One in five teens uses orthotics for extra support

Teens use orthotics too

 

The American Podiatric Medical Association recently conducted a survey of more than 1,000 U.S. high school students on how kids these days are treating their feet.

They discovered that about six in 10 teenagers experience some kind of foot pain, but there are disparities in how the kids said they treat this. Roughly 20 percent said they use orthotics in their shoes for added support, and the same proportion said they have seen a podiatrist.

The survey also revealed that girls tend to be more cognizant of foot conditions than boys, outnumbering males in just about every category of foot care – from trimming toenails to performing leg and foot exercises.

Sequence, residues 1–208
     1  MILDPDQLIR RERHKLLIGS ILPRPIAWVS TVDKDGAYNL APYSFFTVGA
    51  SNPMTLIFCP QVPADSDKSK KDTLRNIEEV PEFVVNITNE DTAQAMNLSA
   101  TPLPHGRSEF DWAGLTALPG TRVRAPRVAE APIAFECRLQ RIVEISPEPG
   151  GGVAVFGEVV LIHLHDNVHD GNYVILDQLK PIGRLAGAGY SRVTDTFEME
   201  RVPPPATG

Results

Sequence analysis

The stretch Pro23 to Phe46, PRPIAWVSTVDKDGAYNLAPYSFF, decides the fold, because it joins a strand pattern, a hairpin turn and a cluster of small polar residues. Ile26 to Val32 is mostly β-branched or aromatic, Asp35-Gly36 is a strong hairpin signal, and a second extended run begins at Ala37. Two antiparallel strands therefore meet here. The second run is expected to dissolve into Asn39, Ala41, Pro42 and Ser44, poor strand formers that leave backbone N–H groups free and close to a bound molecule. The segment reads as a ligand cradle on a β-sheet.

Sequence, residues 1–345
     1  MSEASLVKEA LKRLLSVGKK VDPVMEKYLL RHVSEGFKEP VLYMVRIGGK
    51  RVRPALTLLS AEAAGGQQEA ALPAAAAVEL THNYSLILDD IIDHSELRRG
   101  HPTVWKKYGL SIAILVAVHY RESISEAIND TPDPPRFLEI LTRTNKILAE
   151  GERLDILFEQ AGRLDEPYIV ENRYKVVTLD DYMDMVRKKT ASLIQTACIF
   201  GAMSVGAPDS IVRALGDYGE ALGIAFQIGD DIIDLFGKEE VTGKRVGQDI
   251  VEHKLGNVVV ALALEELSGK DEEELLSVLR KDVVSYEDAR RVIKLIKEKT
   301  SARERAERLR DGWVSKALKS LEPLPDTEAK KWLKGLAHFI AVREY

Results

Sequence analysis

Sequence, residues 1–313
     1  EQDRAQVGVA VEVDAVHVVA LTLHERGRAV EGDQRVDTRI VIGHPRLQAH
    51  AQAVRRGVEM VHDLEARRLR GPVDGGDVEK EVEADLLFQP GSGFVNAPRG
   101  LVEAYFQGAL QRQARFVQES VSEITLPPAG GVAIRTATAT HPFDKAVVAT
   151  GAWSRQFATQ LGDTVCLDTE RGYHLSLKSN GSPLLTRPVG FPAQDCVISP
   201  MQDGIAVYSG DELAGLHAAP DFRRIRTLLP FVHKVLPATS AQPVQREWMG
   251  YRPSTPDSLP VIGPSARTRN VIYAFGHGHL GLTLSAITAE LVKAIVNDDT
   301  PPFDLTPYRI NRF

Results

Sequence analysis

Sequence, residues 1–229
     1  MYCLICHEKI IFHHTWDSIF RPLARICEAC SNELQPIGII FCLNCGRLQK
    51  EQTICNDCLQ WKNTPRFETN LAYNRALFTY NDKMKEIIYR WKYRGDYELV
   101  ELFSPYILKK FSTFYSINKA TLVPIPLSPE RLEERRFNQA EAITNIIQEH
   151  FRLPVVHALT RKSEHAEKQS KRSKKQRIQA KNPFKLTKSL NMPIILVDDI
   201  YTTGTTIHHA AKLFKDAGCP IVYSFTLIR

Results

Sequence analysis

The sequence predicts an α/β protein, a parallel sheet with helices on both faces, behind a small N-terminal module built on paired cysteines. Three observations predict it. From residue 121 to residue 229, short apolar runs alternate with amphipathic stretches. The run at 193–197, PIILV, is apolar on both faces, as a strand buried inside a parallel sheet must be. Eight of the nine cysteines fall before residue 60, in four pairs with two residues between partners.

These efforts may help prevent bunions, hammer toe and fallen arches in these girls, as the conditions are more likely to occur in females. Additionally, the American Academy of Orthopaedic Surgeons reports that girls as young as 10 may develop bunions.

Teens with bunions, hammer toe or fallen arches may want to use conservative methods of bunion correction, like bunion splints or orthotics, as these are shown to be especially effective for deformities that have not yet become advanced.

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